Food Allergen Testing - Facts vs. Fiction (2)

Food allergens not only represent a serious health risk for individuals with allergies, they are also a topic of discussion when it comes to their analysis and proper labeling.

Food allergen labeling intends to make the lives of people with allergies easier and safer, but it often causes confusion in the food industry as most laws fail to state the levels above which an allergen must be labeled. To avoid the problem of undeclared allergens in a food preparation, producers often use “may contain…” statements. However, there are more perspectives to consider.
This second part of our series sheds some light on allergen testing and labeling misconceptions.

“May contain…” statements can solve all our problems

Most labeling regulations only apply to allergenic ingredients that are deliberately added to the product. However, increasing concern from consumers about unintended allergen contamination has caused uncertainty among food producers as to whether they need to label potential allergens if their presence cannot be excluded. 
Consequently, food manufacturers often display precautionary (also called advisory) allergen statements, such as “may contain …” on packaging. It is of upmost importance to remember that such statements are only voluntary. They make the consumer aware of the possibility that the product may contain a certain allergen, and they prevent the producer having to make potential allergen-related product recalls.

Are we on the safe side if we use “may contain…”?

In some cases, precautionary allergen labeling makes sense. For example, if the producer regularly tests for a certain allergen and although most samples show a negative test result, low levels of the allergen can be detected in a few batches, a precautionary statement would be displayed.
Depending on the particular country’s national law, the statement ‘may contain’ is unlikely to meet legal requirements, if the relevant substance is present as an ingredient of a compound ingredient, a component of a food additive, or a processing aid.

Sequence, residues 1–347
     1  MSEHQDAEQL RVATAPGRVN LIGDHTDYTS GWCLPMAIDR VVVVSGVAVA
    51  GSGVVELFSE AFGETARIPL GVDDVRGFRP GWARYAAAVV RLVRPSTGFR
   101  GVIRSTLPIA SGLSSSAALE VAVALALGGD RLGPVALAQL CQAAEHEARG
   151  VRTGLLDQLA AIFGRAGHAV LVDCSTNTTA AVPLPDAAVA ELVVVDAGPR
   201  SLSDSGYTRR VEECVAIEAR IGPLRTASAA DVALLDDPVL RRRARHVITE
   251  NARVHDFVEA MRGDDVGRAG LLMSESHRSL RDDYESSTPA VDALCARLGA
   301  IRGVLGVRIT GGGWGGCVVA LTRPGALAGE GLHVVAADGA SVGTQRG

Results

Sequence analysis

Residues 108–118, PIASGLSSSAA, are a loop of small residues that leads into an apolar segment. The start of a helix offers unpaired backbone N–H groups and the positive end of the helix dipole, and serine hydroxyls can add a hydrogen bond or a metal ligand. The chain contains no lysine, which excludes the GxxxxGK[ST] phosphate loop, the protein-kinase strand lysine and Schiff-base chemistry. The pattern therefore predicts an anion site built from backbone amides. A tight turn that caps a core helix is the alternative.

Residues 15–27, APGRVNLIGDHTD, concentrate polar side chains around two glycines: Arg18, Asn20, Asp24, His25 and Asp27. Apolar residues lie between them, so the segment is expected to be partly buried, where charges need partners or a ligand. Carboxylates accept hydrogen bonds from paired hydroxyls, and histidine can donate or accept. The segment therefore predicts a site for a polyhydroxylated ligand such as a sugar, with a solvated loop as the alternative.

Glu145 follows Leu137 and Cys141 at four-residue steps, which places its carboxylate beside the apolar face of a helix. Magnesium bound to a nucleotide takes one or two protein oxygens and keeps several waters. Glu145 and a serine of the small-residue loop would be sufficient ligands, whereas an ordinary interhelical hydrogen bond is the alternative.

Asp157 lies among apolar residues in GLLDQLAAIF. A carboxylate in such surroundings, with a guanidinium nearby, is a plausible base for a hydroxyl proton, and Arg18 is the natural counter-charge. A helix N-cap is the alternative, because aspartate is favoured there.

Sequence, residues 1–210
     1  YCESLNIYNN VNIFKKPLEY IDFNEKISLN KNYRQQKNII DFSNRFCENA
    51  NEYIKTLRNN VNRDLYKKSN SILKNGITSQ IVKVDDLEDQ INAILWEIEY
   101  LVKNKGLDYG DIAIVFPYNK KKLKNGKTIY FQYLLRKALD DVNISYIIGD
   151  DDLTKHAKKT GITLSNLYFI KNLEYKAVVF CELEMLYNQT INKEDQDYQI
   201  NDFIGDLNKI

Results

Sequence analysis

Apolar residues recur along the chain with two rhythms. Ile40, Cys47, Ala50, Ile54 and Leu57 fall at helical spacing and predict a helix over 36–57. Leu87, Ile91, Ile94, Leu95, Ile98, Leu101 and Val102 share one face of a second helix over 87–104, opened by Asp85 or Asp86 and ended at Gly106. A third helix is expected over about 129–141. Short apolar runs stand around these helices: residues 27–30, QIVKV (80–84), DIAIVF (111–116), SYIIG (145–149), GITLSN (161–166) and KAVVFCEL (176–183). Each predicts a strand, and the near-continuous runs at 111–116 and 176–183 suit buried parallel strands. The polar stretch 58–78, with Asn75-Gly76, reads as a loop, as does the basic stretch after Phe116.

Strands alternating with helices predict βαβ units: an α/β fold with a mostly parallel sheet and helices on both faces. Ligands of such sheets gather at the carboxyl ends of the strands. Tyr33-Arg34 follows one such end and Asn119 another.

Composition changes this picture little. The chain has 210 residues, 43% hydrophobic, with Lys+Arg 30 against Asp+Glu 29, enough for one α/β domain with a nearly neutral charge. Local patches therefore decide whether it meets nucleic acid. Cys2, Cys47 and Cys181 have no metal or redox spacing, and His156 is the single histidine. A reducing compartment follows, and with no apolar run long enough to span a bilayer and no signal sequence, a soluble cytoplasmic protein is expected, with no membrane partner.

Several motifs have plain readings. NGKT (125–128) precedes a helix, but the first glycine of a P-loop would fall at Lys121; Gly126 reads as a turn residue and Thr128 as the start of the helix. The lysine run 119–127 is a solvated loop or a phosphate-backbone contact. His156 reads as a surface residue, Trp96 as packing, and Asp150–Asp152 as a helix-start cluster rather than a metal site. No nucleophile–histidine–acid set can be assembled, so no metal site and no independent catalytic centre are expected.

In addition, advisory statements never substitute for good manufacturing practice, such as allergen identification and control, cleaning of shared equipment, and segregation during processing. If there is evidence of allergen presence, or even only a possibility for the presence of the allergen to be in the final product, the “may contain…” statement is not appropriate.

Considering the consumer’s perspective

The overuse of precautionary labels can lead to risk-taking behavior in consumers. With a significantly reduced variety of food products that are suitable for allergic individuals on offer, some may risk consuming products which display advisory statements. However, studies showed that up to 9% of products with advisory labels in fact contained detectable levels of allergens. Therefore, there is a real risk of allergen contamination in products that only display a precautionary statement. As there are varying reasons why manufacturers include such statements, consumers will find it increasingly difficult to interpret them. 

The consequence…

Consumers with allergies should avoid products with precautionary labels, as the risk is not assessable. In return, food producers should avoid using a “may contain…” statement without reasonable suspicion. Adding such a statement is not always a safe and simple way for protecting the company legally. Careful usage of these statements will ensure a broader selection of products is available to affected people.

In our next issue of “Food Allergen Testing – Facts vs. Fiction” we will discuss the common misconception that polymerase chain reaction (PCR) is a more reliable method than rapid tests. Stay tuned.